The women in this photograph are unidentified. Fortunately, the mount is stamped Clifton & Co., Bombay, indicating that the photo was taken at the studio founded in that city (Mumbai) by Harry Clifton Soundy (1863-1922). At first I assumed the woman sitting at left was wearing a County or Branch badge of the British Red... Continue Reading →
Who are these men?
This post is a work in progress. At the time that I published it, I hadn't managed to identify any of the men in the photo. A resourceful reader in the UK, Michael, quickly identified two of them. The man seated in the middle of the second row is Frederic Thesiger, Viscount Chelmsford, who was... Continue Reading →
“Nobody axed you, Sir,” she said
Where are you going, my pretty maid?I'm going a milking, sir, she said.May I go with you, my pretty maid?You're kindly welcome, sir, she said.What is your father, my pretty maid?My father's a farmer, sir, she said.What is your fortune, my pretty maid?My face is my fortune, sir, she said.Then I won't marry you, my... Continue Reading →
Man with royal charter
This cabinet card photograph is the first image I've shared from Australia. It was printed at the Anson Brothers studio in Hobart, Tasmania, which was in operation from 1878 to 1891. Founded by brothers Joshua, Henry Joseph and Richard Edwin Anson, the studio became known for views of Tasmanian scenery, which received medals at the... Continue Reading →
Mysterious group in dark clothing (UK)
This photograph came to me a few years ago from Scotland (Clydebank, near Glasgow). The print is mounted on stiff paper, which has nothing written or stamped on it to identify the group, the location or the photographer. Since all the members of the group are adults, I don't think this is an extended... Continue Reading →
A book which still reverberates
I found this cabinet card portrait for sale on eBay in England (Northamptonshire) in January of this year. Books are common props in 19th-century studio portraits, but titles are usually too blurry to read, even after scanning them at high resolution. In this case, the book is large enough that the title is easily readable... Continue Reading →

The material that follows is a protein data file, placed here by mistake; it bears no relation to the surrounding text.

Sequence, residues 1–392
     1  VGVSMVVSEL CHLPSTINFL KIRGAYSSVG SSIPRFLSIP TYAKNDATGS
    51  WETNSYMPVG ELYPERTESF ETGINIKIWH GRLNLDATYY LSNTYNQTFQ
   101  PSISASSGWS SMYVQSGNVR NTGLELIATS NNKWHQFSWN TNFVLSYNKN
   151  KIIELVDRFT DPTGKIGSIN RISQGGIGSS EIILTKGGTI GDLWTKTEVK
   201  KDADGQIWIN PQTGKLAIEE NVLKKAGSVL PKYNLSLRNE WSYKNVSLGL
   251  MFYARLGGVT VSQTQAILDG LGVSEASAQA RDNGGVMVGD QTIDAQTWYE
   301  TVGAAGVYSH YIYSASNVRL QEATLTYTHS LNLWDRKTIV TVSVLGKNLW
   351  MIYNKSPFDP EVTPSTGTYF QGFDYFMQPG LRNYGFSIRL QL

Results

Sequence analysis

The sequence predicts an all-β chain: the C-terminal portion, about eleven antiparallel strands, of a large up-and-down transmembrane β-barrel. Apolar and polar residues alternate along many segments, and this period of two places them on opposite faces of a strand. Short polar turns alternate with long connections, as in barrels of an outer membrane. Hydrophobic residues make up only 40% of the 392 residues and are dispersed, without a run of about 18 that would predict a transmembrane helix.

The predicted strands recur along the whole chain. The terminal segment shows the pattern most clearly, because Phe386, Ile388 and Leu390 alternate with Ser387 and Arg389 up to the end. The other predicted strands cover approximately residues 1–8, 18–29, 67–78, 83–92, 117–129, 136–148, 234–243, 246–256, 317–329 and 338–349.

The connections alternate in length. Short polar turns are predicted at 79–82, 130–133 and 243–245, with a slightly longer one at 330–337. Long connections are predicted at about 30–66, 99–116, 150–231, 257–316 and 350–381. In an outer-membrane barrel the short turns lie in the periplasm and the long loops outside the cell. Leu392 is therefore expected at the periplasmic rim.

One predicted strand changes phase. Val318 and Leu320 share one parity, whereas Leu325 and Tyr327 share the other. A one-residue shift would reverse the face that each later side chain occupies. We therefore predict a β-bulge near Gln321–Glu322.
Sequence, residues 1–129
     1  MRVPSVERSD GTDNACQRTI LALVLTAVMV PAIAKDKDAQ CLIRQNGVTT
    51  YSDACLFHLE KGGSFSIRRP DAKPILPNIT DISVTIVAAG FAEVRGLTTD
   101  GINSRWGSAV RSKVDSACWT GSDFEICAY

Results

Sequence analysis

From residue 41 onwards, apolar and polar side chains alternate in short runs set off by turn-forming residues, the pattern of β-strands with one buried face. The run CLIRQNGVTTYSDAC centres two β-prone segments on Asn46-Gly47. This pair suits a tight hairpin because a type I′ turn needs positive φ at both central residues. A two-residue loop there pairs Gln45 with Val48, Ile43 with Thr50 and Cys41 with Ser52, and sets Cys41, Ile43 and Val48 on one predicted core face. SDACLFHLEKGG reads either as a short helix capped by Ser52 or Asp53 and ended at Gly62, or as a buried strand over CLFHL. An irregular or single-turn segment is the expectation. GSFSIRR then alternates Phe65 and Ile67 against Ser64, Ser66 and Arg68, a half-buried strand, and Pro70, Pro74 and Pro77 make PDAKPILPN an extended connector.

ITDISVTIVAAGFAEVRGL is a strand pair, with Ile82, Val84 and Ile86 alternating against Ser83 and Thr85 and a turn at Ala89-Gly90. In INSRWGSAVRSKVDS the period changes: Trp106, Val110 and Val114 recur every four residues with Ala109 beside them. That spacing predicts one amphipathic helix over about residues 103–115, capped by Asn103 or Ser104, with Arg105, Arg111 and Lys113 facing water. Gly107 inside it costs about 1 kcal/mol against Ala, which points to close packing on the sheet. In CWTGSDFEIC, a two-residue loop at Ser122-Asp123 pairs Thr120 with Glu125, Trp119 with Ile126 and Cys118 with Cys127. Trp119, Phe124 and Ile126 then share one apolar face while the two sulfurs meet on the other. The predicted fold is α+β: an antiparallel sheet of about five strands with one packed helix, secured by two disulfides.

A regal party
This large-format photograph came to me from the United Kingdom. Unfortunately, it has nothing written on it and I haven't identified anyone in it. Hanging high on the wall is a shield with a crown on it. Would the crown indicate a royal household? I've brightened it below to make it a little easier to... Continue Reading →
Ready for the call?
In the first comment under the previous post, Shayne Davidson said the nurses' uniforms reminded her of the BBC series Call the Midwife. Her comment made me look anew at the photo above, which also came from the United Kingdom, and wonder if the young sitter might have been preparing to work as a midwife or... Continue Reading →
King Lear and Cordelia?
When I saw this cabinet card from the United Kingdom, I immediately assumed it must have come from a Victorian production of Shakespeare's King Lear. The tragic play revolves around the relationship between the king and his youngest daughter, Cordelia. I spent some time looking for images of historical productions of the play, but found... Continue Reading →
Fundraising with needle and thread (UK)
If only we could see the colors of her dress! She must have made it to attract attention to her cause. Her hat has words sewn on it -- I can read LITTLE and HELPS -- so it may read EVEN A LITTLE HELPS. She's holding a donation box with words printed above a cross... Continue Reading →
Young woman in Calcutta by F.W. Baker
This early carte-de-visite from India doesn't have the young woman's name on it, but it was listed for sale on eBay along with a few other photos from the same family, one of which had "Miss Collins" written on the back. The same young woman is in that photo, along with several young adults who... Continue Reading →
Love in silhouette
This carte-de-visite came to me from England (Northamptonshire), but it has nothing written on it to identify the sitter or photographer. The photo (print) was cut into an oval shape and glued onto a paper mount with an oval frame design already printed on it. Such cartes were generally made after someone had died, as... Continue Reading →